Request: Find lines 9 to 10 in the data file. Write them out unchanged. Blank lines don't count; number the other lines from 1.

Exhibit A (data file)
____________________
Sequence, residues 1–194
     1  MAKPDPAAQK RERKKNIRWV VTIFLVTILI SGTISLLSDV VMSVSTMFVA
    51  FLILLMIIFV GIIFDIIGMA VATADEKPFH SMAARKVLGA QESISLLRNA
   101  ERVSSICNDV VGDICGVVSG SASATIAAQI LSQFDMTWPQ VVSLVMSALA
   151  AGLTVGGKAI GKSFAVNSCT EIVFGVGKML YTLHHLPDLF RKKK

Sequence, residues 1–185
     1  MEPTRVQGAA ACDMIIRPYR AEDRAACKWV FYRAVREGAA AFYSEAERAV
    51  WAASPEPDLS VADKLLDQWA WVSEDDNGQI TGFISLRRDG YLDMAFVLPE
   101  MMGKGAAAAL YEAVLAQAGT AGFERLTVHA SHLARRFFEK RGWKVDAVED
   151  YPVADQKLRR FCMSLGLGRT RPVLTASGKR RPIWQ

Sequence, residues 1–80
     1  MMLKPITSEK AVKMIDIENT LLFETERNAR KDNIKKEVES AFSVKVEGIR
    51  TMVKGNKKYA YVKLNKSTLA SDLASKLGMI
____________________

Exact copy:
   101  MMGKGAAAAL YEAVLAQAGT AGFERLTVHA SHLARRFFEK RGWKVDAVED
   151  YPVADQKLRR FCMSLGLGRT RPVLTASGKR RPIWQ